google-yahoo-thumb23. Do your own social-media optimization project. Learn about the competition in your industry and geographic region that are tapping social networking. Spark recommends starting by researching the competition in the major search engines — Google and Yahoo.

“Type in keywords and phrases that people would use to find you, like ‘plumber’ and ‘San Francisco.’ If you don’t appear in the top percentage of pages, take a look at the Website of those plumbers that do show up,” says Spark. “Look at their pages, and usually they will have a lot of content on their sites.”

To increase a business’s presence on the Internet, Spark advocates companies create blogs, newsletters and other articles on their sites to bolster the number of keywords — terms that search engines recognize — to boost their ranking in all-important Web searches.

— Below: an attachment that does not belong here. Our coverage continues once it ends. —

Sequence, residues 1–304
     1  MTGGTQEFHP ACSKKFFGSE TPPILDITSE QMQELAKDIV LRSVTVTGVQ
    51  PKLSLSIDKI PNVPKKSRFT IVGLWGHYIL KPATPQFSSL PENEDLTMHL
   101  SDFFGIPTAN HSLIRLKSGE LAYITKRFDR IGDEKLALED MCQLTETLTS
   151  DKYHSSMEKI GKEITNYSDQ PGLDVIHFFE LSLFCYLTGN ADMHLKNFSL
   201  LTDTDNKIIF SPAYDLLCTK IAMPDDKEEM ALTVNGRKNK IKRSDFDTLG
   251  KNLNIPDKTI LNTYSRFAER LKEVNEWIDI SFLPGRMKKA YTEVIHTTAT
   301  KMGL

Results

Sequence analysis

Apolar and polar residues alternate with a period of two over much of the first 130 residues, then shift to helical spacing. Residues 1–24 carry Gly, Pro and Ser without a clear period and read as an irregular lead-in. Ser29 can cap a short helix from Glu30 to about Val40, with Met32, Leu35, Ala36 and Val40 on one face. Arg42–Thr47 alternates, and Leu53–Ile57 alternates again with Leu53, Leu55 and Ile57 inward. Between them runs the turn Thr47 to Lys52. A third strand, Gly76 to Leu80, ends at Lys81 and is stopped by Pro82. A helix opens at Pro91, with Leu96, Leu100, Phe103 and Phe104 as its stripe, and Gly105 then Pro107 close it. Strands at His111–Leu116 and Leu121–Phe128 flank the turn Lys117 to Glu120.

“That’s the way people discover you,” he says. “Take that plumber in San Francisco. The right search terms might just be ‘clogged toilet and San Francisco.’” “That tells me I should write … in my blog about how to fix a clogged toilet and mention that I am a plumber in San Francisco,” he says.

4. Take social-network marketing to the next level. Create and post richer content about what your customers would expect from someone in your business. Don’t view social media sites as a place to simply hype your wares. It’s a place for conversation.

“Social media is about earning attention,” says David Meerman Scott, author of “The New Rules of Marketing and PR” and “World Wide Rave,” books about how to create buzz online. “What’s most important is to forget about what your company does. Instead, think about the people who are buying your products. Simply hyping products and services online and in social media sites completely backfires. People are not looking for products but for something fun. They are looking to make connections,” Scott says.

So it’s all about having something interesting to say or show. It could be a blog, or a video on the video-sharing Website YouTube.

For example, if you’re a caterer, instead of talking about your service, create engaging culinary content. Imagine positioning yourself as a gourmet magazine on the Web, complete with links to a video you uploaded to YouTube.